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Author: Alexandra Kelso

The Labour Party government elected in 1997 pledged to reform the Westminster parliament by modernising the House of Commons and removing the hereditary peers from the House of Lords. Events have consequently demonstrated the deep controversy that accompanies such attempts at institutional reconfiguration, and have highlighted the shifting fault-lines in executive-legislative relations in the UK, as well as the deep complexities surrounding British constitutional politics. The story of parliamentary reform is about the nature of the British political system, about how the government seeks to expand its control over parliament, and about how parliament discharges its duty to scrutinise the executive and hold it to account. This book charts the course of Westminster reform since 1997, but does so by placing it in the context of parliamentary reform pursued in the past, and thus adopts a historical perspective that lends it analytical value. It examines parliamentary reform through the lens of institutional theory, in order not only to describe reform but also to interpret and explain it. The book also draws on extensive interviews conducted with MPs and peers involved in the reform of parliament since 1997, thus offering an insight into how these political actors perceived the reform process in which they played a part. It provides a comprehensive analysis of the trajectory and outcome of the reform of parliament, along with an original interpretation of that reform and its implications.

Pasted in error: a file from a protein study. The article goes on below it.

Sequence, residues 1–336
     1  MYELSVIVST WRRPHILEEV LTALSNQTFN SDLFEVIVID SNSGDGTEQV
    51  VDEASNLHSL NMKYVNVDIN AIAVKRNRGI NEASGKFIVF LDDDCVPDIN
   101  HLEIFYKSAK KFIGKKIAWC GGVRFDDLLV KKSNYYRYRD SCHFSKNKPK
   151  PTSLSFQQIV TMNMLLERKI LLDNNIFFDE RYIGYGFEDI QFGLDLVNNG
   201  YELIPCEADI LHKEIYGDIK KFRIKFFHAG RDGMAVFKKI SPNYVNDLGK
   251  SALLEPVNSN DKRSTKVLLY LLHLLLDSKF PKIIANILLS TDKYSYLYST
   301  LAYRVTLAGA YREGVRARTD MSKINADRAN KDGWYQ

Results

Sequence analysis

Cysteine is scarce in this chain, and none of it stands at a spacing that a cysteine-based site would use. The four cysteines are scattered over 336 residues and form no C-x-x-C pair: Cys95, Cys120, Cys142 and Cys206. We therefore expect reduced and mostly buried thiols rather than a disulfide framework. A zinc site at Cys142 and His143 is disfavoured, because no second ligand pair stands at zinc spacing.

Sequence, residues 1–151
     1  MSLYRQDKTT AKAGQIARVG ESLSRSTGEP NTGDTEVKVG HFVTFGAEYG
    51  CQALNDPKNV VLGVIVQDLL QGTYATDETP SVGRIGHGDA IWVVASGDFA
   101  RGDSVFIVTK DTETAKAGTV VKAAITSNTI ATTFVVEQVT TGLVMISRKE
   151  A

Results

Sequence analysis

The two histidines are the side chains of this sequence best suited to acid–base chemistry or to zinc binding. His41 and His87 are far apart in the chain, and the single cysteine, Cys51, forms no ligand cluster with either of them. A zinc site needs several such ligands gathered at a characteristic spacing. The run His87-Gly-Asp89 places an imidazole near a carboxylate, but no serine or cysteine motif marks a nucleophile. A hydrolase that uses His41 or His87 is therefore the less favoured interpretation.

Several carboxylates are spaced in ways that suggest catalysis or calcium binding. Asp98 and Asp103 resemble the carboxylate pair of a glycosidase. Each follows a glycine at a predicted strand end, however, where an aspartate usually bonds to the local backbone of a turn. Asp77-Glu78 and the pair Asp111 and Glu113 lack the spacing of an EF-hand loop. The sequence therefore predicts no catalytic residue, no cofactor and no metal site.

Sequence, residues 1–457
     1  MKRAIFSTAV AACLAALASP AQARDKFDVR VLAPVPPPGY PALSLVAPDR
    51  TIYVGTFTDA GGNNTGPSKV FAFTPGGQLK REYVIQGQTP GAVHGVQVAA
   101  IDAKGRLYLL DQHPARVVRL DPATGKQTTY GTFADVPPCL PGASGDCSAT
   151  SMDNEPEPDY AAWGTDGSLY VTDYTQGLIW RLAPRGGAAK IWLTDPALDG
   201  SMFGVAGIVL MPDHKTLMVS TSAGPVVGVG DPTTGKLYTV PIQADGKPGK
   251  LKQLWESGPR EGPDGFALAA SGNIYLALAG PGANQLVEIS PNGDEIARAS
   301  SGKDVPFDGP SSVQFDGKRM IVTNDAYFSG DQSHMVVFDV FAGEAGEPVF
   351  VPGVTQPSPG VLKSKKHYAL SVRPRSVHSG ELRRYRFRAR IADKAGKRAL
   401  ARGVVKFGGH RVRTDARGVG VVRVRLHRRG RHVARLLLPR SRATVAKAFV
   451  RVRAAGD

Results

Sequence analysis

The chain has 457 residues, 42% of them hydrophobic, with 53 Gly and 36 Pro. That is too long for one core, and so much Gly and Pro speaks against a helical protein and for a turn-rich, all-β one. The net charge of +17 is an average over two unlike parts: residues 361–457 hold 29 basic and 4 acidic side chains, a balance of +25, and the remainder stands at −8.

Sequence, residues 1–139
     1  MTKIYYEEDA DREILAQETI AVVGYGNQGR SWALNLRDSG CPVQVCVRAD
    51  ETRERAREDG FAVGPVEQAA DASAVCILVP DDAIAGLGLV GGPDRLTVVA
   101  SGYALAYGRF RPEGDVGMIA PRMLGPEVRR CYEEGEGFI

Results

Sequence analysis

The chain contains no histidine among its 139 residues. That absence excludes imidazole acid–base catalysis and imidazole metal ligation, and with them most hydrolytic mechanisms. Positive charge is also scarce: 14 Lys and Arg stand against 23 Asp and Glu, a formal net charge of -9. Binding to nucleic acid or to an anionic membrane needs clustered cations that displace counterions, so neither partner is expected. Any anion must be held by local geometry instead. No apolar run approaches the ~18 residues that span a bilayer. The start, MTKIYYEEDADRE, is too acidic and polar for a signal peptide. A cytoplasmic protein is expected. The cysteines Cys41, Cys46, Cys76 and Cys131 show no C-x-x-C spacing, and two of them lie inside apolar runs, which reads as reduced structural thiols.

Alexandra Kelso